Early August 1966, Christian groups, primarily in the Southern United States took to the streets to burn the sin out of their beloved Beatles records in response to John Lennon’s remark that the Beatles were “more popular than Jesus.”
Like all good moments of mass hysteria, getting a little context helps put things in perspective.
The quote originally appeared in March 1966, in part of an interview with Lennon published in the London Evening Standard. The interviewer, Maureen Cleave, commented that Lennon was at the time reading about religion. Here is the full, original quote from Lennon:
Christianity will go. It will vanish and shrink. I needn’t argue about that; I’m right and I’ll be proved right. We’re more popular than Jesus now; I don’t know which will go first—rock ‘n’ roll or Christianity. Jesus was all right but his disciples were thick and ordinary. It’s them twisting it that ruins it for me.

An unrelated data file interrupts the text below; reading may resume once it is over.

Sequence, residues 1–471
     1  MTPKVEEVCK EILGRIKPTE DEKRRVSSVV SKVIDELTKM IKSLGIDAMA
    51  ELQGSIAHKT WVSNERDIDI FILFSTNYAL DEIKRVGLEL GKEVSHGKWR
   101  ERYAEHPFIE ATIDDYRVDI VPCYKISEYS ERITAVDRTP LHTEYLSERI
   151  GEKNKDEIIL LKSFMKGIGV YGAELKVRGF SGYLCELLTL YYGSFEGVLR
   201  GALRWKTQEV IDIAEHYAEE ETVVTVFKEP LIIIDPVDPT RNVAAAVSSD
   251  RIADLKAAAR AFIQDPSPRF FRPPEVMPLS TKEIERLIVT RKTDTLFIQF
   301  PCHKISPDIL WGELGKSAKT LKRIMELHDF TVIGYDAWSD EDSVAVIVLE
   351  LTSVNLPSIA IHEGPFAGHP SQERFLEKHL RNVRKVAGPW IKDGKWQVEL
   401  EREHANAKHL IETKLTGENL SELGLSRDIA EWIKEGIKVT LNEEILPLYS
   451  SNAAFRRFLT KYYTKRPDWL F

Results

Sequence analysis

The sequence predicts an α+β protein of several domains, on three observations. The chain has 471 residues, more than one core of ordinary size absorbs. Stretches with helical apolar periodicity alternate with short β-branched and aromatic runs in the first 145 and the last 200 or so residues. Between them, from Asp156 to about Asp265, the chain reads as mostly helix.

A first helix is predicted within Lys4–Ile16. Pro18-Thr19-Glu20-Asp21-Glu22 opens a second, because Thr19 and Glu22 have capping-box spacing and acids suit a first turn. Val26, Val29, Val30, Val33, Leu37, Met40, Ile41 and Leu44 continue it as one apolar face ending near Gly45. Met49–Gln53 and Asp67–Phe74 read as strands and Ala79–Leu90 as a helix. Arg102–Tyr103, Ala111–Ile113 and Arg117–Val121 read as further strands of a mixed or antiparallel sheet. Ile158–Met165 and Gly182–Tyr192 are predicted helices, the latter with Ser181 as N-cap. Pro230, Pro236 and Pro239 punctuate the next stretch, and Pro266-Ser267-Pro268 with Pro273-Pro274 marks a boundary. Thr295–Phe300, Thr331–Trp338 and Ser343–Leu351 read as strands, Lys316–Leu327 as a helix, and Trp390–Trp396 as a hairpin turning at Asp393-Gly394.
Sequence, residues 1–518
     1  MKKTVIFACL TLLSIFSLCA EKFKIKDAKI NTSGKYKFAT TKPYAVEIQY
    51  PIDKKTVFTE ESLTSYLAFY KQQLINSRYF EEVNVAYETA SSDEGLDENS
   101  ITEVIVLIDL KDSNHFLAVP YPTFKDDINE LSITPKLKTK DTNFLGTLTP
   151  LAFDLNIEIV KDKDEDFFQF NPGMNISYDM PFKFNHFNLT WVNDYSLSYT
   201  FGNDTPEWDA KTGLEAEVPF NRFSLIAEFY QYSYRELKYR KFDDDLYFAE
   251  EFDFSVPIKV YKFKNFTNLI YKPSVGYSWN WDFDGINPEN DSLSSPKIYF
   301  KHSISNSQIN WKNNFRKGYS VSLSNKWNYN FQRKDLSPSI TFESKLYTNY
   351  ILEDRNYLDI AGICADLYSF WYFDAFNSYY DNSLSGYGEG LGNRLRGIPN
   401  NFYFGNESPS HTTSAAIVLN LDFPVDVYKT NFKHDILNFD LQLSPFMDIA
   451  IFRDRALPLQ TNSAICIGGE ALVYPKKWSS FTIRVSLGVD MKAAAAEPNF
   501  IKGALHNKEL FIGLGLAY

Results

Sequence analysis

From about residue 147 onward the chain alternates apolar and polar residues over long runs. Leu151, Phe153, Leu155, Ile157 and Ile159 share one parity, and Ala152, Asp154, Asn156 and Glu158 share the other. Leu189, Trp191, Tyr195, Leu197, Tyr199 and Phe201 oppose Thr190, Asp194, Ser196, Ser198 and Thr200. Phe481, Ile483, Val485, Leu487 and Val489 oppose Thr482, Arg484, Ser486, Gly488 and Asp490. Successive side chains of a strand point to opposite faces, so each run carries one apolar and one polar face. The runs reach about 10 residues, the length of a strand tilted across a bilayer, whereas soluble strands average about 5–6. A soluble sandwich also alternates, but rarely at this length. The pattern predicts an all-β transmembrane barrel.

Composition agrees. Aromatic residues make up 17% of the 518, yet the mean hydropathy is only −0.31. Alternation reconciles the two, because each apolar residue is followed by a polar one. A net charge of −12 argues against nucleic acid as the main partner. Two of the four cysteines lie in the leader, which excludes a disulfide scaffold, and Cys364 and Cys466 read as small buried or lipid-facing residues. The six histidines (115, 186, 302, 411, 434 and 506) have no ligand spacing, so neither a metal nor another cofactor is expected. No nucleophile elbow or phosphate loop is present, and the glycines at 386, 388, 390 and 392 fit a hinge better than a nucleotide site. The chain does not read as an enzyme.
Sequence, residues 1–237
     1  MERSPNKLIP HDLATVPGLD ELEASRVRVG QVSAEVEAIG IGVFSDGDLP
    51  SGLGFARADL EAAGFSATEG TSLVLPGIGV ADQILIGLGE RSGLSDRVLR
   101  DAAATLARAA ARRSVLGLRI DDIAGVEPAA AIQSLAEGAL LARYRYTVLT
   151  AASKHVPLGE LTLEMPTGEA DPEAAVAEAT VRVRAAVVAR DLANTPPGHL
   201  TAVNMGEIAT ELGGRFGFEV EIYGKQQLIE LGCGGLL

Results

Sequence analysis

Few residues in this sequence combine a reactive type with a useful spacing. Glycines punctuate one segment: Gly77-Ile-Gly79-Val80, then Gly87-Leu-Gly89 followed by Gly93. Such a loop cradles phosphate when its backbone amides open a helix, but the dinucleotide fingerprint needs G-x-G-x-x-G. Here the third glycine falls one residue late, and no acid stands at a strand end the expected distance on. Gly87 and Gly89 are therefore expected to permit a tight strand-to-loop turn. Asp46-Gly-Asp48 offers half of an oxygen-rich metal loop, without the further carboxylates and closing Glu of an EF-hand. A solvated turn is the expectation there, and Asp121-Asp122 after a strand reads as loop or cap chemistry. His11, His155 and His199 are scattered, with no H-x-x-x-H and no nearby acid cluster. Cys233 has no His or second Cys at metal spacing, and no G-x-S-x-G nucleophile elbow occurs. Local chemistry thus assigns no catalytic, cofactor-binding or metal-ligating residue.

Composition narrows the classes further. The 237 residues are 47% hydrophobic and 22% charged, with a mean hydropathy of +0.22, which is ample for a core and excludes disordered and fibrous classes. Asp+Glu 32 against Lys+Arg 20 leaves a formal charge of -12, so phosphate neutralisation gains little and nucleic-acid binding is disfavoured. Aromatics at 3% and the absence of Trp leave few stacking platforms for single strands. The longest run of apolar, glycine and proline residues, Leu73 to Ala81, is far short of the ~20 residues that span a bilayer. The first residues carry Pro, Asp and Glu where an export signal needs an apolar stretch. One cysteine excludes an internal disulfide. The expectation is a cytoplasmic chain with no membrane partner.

In late July, five months after its original publication, a U.S. teen mag called Datebook republished the interview with Lennon. Turning to the tried and true method of generating scandal to gin up sales, Datebook put the “We’re more popular than Jesus” part of the quote on the cover. Woo-boy. Two Birmingham DJs picked up on the quote, vowing to never play the Beatles and on August 8th, started a “Ban the Beatles” campaign. Christian groups across the South rose up to protest the Beatles who, as it happened, were just about embark on what would be their last U.S. tour. Beatles records were burned, crushed, broken. Never a group to miss out on a good bonfire, the Ku Klux Klan got involved.
On August 12, 1966 the Beatles set out on tour, meeting protests and stupid questions about the quote all along the way. It would be the last tour the Beatles would ever do in the United States, ending on August 29 at Candlestick Park in San Francisco.